We reviewed the evidence about the effect of rapamycin or rapalogs for reducing the severity of clinical symptoms in people with tuberous sclerosis complex.
Tuberous sclerosis or tuberous sclerosis complex is a genetic disease caused by mutations in tuberous sclerosis complex 1 or tuberous sclerosis complex 2 genes that affects several organs such as the brain, kidneys, heart, lungs and skin. The incidence has been reported to be one in approximately 6000. Previous studies have shown potential benefits of rapamycin or rapalogs for treating people with tuberous sclerosis complex. Although everolimus (a rapalog) is currently approved by the FDA (U.S. Food and Drug Administration) and EMA (European Medicines Agency) for tumours associated with tuberous sclerosis complex (renal angiomyolipoma and subependymal giant cell astrocytoma), the use of these drugs for treating other symptoms of the condition has yet to be established. This review aims to bring together clinical trials in this area to establish the clinical value of rapamycin and rapalogs for various symptoms of tuberous sclerosis complex.
The evidence is current to: 14 March 2016.
The review included three studies with 263 people with tuberous sclerosis complex aged between 0.8 and 61 years of age. However, one study involved five people with sporadic lymphangioleiomyomatosis (without tuberous sclerosis complex) which we could not remove from the analysis. Studies compared rapamycin or rapalogs with placebo and people were selected for one treatment or the other randomly. The duration of the studies was variable. Two of the included studies were funded by Novartis Pharmaceuticals.
There is evidence that oral everolimus (rapalog) increased the number of people who achieved a 50% reduction in the size of subependymal giant cell astrocytoma and renal angiomyolipoma. Oral everolimus also showed benefit in terms of response to skin lesions, although applying rapamycin to the skin only showed a tendency for improvement. Those who received treatment had a similar risk of experiencing adverse events as compared to those who did not receive treatment. However, more people receiving the active treatment had severe adverse events causing them to withdraw from the trial, temporarily stop treatment or reduce their dose compared to the control group.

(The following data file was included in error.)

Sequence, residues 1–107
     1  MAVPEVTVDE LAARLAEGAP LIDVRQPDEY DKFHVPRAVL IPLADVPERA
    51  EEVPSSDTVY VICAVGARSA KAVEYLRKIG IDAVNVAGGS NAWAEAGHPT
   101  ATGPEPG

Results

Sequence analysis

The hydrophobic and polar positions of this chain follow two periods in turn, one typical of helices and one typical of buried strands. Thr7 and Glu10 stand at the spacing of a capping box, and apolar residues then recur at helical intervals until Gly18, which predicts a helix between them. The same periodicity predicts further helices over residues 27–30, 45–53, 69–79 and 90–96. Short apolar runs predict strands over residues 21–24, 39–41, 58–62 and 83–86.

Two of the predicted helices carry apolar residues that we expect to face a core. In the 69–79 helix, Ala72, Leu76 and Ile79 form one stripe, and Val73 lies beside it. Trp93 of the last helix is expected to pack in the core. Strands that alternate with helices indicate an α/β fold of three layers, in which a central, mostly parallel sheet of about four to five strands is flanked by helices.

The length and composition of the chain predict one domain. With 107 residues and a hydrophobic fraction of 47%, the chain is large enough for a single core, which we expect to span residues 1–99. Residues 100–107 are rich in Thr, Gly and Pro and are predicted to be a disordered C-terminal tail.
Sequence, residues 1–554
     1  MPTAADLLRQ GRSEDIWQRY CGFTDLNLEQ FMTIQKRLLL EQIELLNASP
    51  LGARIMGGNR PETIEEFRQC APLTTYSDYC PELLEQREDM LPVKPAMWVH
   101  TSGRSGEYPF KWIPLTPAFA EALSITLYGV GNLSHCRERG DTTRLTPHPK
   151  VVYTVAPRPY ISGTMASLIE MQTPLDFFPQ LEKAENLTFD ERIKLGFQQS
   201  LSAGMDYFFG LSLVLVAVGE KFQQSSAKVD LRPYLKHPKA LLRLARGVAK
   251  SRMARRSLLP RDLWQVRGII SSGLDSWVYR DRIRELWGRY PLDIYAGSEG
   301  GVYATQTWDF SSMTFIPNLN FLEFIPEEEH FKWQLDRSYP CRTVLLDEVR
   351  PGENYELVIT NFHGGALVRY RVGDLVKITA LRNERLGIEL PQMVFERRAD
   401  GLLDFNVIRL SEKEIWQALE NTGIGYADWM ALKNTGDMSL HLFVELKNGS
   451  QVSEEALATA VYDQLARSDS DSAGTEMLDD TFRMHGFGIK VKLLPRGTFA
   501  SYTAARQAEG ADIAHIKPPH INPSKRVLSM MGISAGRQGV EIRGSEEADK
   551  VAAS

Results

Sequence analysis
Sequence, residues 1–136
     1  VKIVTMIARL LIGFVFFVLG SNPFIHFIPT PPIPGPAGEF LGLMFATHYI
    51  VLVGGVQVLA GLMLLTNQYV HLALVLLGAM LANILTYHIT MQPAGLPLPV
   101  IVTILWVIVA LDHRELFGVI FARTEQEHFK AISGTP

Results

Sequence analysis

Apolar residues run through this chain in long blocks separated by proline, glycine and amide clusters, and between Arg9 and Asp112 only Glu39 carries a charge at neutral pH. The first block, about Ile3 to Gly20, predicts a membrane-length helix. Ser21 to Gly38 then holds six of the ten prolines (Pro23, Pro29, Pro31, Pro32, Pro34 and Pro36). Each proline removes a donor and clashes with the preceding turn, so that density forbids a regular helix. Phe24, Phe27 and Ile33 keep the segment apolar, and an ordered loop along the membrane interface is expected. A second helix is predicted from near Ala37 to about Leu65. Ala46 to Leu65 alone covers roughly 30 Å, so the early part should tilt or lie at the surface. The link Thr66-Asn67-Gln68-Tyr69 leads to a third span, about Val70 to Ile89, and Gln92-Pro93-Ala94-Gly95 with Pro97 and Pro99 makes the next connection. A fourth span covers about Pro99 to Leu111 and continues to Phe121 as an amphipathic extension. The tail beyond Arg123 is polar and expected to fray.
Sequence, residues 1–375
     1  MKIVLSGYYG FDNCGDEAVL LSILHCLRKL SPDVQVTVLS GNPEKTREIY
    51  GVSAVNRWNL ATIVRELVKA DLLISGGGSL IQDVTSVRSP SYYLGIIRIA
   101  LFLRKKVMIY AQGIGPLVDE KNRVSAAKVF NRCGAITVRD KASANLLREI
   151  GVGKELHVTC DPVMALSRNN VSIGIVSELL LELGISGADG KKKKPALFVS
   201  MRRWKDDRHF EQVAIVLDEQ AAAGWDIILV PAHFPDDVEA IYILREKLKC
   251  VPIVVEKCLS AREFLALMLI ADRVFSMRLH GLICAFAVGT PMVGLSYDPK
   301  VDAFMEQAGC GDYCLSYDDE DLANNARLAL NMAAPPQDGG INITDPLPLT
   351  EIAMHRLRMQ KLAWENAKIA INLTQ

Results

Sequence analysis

Quality of the evidence
Two of the included studies generally showed a low risk of bias in study design, except for one study where it was unclear whether people knew which group they would be put into. Another included study showed different degrees of risk of bias with regards to study design, for example, due to missing data and lack of clarity about how people where put into the different groups. The results from the studies were generally of high quality, except for response to skin lesions from topical rapamycin due to missing outcome data and seizure frequency due to the way participants were selected.
We found evidence that oral everolimus significantly increased the proportion of people who achieved a 50% reduction in the size of sub-ependymal giant cell astrocytoma and renal angiomyolipoma. Although we were unable to ascertain the relationship between the reported adverse events and the treatment, participants who received treatment had a similar risk of experiencing adverse events as compared to those who did not receive treatment. Nevertheless, the treatment itself significantly increased the risk of having dose reduction, interruption or withdrawal. This supports ongoing clinical applications of oral everolimus for renal angiomyolipoma and subependymal giant cell astrocytoma. Although oral everolimus showed beneficial effect on skin lesions, topical rapamycin only showed a non-significant tendency of improvement. Efficacy on skin lesions should be further established in future research. The beneficial effects of rapamycin or rapalogs on tuberous sclerosis complex should be further studied on other manifestations of the condition.
Previous studies have shown potential benefits of rapamycin or rapalogs for treating people with tuberous sclerosis complex. Although everolimus (a rapalog) is currently approved by the FDA (U.S. Food and Drug Administration) and the EMA (European Medicines Agency) for tuberous sclerosis complex-associated renal angiomyolipoma and subependymal giant cell astrocytoma, applications for other manifestations of tuberous sclerosis complex have not yet been established. A systematic review is necessary to establish the clinical value of rapamycin or rapalogs for various manifestations in tuberous sclerosis complex.